Abrams’ Campaign Files Federal Lawsuit in Order to Force Runoff

Stacey Abrams’ campaign on Sunday filed a federal lawsuit asking a judge to delay vote certifications in Georgia’s unsettled governor’s race by one day and block counties from tossing some provisional and absentee ballots that may have minor mistakes on them, Fox News informed.

Her Republican counterpart Brian Kemp called her to concede, and declared victory saying that it is “mathematically impossible” for her campaign to force a runoff.

Currently Kemp is leading by 59,000 votes, and had 50.2 percent of the vote by early Monday.

Abrams stood her ground that she will not concede until every vote has been counted, mentioning the 5,000 votes tallied over the weekend that favored her. She would need an additional 21,700 votes in order to force a runoff.

The lawsuit, if successful, would prevent officials from certifying county vote totals until Wednesday and could restore at least 1,095 votes that were not counted. The campaign said thousands of more ballots could be affected.

Kemp’s campaign did not immediately comment the filed lawsuit. The problematic counties mentioned in the lawsuit are Gwinnett and DeKalb in metro Atlanta.

Dara Lindenbaum, who works as a lawyer for Abrams’ campaign, said the suit is set to stop ballots with minor mistakes – like the voter writing the day they filled out the ballot as their date of birth – from being rejected.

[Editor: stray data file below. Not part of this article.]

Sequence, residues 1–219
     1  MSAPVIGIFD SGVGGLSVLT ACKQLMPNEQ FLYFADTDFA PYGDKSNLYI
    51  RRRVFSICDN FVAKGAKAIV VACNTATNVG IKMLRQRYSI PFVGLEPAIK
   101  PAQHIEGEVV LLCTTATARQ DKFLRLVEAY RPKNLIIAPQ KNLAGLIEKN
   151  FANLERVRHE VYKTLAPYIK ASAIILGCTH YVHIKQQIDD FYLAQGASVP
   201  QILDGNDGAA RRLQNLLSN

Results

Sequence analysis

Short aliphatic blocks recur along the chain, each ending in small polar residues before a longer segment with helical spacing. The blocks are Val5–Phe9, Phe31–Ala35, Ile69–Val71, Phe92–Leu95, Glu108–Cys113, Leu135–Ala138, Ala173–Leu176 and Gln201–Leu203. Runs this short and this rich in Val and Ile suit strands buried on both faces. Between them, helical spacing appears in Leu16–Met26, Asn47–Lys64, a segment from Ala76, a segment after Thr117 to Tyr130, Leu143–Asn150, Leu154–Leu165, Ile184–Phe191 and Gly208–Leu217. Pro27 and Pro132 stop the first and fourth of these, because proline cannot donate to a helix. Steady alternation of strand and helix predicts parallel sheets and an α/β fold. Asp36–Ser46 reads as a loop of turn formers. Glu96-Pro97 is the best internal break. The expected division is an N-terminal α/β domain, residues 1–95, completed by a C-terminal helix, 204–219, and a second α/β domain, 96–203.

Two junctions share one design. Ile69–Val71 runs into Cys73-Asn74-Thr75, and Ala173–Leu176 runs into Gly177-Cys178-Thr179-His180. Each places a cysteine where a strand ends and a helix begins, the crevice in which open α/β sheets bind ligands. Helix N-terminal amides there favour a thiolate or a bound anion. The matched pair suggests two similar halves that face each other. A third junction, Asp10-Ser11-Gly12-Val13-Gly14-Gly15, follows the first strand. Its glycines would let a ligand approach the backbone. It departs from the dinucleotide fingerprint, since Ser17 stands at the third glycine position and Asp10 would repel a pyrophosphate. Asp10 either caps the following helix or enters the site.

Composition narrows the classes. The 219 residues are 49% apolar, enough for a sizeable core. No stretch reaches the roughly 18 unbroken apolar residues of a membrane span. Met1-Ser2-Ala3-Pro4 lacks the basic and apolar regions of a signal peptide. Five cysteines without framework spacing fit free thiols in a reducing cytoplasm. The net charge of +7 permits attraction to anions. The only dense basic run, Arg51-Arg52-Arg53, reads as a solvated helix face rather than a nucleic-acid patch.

Kemp’s team however said that Abrams’ has no chance of winning and called her refusal to concede as a “disgrace to democracy.”

If she wins, Abrams will become the nation’s first black woman elected governor, while Kemp is attempting to maintain GOP dominance in a diversifying state that could be important in the presidential elections.

“So her margin in those uncounted votes needs to be really high,” Jeffrey Lazarus, who teaches political science at Georgia State University, said Sunday in an interview conducted by email. “To put it simply, she’s running out of votes.”

The allegations by Abrams supporters of voter suppression, long voting lines and other balloting problems are hard to ignore given Kemp’s “aggressively partisan conduct as secretary of state,” said Michael Kang who teaches election law at Northwestern University’s law school.

“That said, I think the Abrams campaign still faces an uphill battle in first convincing a court about the need for a recount and second, having the recount net enough votes to force a runoff. As a general matter, recounts rarely end up changing the outcomes of elections,” Kang, who previously taught at Emory University in Atlanta, said in an email interview to the Associated Press.

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